Again, you should always bear in mind that an increasing number of online shoppers are impatient and easily distracted. By making the process of purchasing simpler, you’re more likely to land sales.

8) Social media

photo credit: The Art of Pinterest via photopin (license)

When it comes to content marketing, social media is king. There’s no easier way to expand the reach of your brand; therefore, you’ve got to maximise your chances of platform engagement. Luckily, there are plenty of tools such as Bitly out there that can help you test different social media strategies simultaneously.

By using a split testing tool on sites like Twitter, you’re able to find out what sort of content your followers are most likely to engage with. Play around with different voices and levels of quirk in order to settle on the most effective social media strategy.

9) Effective emails

It can’t be denied that email marketing has experienced a huge resurgence in recent years – and so you can’t really afford to ignore it. But most customers are extremely unforgiving when it comes to spam clogging up their inbox. A/B testing will help you to strike the right balance between marketability and intrigue.

Small changes like the length or language of your subject lines are an easy but effective test you may want to conduct. Or, try personalizing emails to see whether recipients are more or less likely to click through to your site.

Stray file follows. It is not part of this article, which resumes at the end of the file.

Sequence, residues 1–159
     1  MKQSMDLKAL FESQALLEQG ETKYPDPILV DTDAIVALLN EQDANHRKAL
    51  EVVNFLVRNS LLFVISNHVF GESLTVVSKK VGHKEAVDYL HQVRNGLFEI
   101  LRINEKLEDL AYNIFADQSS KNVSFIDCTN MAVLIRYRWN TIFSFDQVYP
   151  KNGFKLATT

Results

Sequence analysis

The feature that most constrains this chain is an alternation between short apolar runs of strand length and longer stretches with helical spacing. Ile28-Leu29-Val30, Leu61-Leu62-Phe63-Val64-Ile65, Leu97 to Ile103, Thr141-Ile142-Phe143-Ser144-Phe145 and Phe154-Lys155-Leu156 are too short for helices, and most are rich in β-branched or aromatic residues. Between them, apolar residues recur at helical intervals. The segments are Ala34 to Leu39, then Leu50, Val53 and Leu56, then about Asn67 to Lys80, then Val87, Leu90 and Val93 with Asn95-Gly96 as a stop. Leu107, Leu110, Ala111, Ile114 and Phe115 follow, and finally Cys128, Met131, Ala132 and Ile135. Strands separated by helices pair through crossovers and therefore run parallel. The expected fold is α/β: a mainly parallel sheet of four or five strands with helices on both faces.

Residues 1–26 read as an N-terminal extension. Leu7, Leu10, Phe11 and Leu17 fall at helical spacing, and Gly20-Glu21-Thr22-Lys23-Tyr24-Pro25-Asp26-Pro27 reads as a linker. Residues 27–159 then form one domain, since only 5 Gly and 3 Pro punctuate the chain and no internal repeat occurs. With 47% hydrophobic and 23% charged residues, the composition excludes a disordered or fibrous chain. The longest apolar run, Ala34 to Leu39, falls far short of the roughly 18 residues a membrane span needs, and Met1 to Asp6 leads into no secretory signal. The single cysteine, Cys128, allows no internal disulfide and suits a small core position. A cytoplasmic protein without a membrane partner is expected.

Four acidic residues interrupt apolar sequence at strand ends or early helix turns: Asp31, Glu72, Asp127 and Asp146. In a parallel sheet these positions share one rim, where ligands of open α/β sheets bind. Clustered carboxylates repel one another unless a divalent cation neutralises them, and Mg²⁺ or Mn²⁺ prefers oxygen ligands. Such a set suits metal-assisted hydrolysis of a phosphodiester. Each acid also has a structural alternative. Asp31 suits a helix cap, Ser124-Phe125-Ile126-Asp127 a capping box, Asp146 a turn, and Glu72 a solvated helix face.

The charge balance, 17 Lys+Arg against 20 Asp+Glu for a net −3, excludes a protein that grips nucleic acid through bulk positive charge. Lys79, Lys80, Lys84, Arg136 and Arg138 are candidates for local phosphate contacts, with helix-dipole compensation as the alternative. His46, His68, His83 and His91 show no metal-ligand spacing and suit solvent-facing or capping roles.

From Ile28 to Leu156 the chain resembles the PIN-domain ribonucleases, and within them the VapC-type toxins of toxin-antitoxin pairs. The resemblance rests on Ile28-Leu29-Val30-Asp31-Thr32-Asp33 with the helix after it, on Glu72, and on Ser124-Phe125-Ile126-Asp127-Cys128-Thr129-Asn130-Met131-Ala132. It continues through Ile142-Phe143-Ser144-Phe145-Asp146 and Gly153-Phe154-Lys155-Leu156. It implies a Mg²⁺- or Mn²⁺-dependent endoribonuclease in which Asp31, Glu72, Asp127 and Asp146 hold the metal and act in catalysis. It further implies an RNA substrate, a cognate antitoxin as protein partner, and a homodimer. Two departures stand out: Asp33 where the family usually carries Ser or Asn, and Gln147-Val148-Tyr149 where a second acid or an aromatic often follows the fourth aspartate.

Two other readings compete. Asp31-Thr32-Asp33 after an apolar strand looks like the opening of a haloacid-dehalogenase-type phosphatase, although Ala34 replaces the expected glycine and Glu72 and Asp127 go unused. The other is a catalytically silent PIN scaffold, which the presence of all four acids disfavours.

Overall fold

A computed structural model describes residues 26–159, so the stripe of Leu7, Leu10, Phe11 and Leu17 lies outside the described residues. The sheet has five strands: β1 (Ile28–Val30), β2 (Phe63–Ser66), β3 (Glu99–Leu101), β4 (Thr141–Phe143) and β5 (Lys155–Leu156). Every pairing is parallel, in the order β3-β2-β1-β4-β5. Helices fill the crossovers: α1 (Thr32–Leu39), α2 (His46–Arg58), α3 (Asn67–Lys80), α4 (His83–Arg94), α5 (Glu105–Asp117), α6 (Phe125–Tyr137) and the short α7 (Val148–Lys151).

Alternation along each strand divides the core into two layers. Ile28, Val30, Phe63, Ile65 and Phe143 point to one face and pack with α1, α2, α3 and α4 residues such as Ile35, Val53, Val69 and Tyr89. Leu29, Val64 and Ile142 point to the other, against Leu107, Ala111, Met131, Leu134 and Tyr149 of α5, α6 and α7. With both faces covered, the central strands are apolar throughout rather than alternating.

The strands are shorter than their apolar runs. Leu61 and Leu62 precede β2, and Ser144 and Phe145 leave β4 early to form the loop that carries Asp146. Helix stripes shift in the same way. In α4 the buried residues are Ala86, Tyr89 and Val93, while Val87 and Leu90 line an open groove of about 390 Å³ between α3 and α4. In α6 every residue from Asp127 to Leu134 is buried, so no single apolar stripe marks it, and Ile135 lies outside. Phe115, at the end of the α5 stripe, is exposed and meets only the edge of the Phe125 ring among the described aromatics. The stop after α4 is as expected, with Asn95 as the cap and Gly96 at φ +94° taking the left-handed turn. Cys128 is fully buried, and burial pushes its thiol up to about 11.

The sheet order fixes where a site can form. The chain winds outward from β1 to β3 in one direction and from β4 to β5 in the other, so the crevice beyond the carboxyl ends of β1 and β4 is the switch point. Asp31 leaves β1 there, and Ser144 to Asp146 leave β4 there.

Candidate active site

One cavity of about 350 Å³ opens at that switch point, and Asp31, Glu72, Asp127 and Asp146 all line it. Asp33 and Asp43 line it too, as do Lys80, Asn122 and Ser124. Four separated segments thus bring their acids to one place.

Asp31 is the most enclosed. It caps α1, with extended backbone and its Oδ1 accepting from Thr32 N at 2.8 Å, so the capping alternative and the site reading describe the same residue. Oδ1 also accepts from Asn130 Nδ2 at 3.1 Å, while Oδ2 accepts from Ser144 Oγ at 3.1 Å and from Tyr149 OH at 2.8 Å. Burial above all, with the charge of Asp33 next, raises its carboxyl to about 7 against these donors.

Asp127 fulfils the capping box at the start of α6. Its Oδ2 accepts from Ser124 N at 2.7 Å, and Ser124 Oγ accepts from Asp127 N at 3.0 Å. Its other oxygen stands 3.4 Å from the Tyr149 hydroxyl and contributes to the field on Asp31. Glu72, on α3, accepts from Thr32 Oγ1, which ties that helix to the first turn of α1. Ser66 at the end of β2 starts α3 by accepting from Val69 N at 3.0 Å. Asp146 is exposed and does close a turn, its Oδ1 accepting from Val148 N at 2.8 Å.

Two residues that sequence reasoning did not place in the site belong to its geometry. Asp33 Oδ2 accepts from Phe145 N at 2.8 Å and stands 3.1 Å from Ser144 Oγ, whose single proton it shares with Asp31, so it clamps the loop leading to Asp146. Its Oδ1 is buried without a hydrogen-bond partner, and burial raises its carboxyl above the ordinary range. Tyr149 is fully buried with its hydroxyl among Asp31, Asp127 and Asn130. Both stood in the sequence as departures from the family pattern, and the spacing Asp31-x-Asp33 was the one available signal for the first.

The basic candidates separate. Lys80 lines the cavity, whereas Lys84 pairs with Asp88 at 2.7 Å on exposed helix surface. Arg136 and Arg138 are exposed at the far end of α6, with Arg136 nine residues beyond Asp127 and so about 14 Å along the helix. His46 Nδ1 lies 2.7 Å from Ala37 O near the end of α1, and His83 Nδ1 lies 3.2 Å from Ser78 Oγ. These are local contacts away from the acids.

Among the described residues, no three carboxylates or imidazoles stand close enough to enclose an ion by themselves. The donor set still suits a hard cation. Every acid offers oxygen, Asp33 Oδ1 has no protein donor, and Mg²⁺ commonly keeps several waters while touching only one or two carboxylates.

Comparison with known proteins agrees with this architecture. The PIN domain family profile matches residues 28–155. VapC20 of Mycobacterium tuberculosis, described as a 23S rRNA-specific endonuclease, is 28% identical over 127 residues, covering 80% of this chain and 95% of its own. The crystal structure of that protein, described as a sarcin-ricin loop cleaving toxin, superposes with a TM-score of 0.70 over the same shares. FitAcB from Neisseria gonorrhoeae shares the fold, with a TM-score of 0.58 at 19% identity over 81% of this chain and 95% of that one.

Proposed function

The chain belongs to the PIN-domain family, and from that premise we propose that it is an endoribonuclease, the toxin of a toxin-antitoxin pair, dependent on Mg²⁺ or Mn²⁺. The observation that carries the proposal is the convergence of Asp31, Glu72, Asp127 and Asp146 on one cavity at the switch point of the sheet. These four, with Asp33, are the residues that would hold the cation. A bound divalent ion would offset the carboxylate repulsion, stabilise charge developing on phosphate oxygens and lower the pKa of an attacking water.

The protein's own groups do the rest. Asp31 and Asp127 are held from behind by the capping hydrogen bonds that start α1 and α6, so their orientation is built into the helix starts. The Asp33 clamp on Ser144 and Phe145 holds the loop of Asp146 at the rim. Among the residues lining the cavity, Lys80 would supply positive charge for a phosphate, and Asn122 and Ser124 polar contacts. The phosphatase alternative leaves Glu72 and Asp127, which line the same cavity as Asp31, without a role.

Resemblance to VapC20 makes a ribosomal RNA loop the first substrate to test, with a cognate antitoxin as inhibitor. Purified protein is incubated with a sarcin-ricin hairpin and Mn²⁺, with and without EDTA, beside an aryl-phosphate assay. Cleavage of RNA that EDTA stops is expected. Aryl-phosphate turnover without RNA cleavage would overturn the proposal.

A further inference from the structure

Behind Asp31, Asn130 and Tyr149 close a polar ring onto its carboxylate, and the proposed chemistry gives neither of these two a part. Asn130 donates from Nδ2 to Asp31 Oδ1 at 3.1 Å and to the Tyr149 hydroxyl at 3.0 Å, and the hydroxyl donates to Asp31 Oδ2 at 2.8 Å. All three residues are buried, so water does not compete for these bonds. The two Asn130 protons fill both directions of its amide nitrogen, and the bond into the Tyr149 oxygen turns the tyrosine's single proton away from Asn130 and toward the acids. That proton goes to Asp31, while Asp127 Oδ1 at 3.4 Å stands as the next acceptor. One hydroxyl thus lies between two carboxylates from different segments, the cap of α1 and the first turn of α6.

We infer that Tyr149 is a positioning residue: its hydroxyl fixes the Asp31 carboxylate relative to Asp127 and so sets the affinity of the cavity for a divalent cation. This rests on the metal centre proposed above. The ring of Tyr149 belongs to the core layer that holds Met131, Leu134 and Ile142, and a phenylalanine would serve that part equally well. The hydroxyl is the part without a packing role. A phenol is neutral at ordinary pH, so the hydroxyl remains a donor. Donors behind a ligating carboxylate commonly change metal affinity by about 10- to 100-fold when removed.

10) Personalize your site

Thanks to various plugins, it’s easier than ever to customize the experiences users encounter on your website. In fact, one of the most effective ways to increase conversions is to tailor your landing page to the URLs that are generating your site the most traffic.

photo credit: 4:40pm @ Borneo Ink via photopin (license)

One way to do this is to test auto-filling out form fields based upon a visitor’s location. If you’re trading internationally, you should also try matching language-specific content to each user’s country of origin. At the end of the day, you’ll be surprised how far a little personalization can go to encourage brand loyalty.

What we’re trying to say is…

This list is by no means exhaustive. The truth is, no two businesses are alike; therefore, you may want to test elements of your website that most industries would never dream of changing. All that matters is that you’ve got clear objectives in mind before launching an A/B test, and you’ve got metrics in place that will be able to gauge the effectiveness of those tests.

Just remember: there’s no such thing as a perfect website. If you want to stand out from the competition, you can never stop changing. A/B testing will help you evolve quicker and more successfully than all of your competitors combined.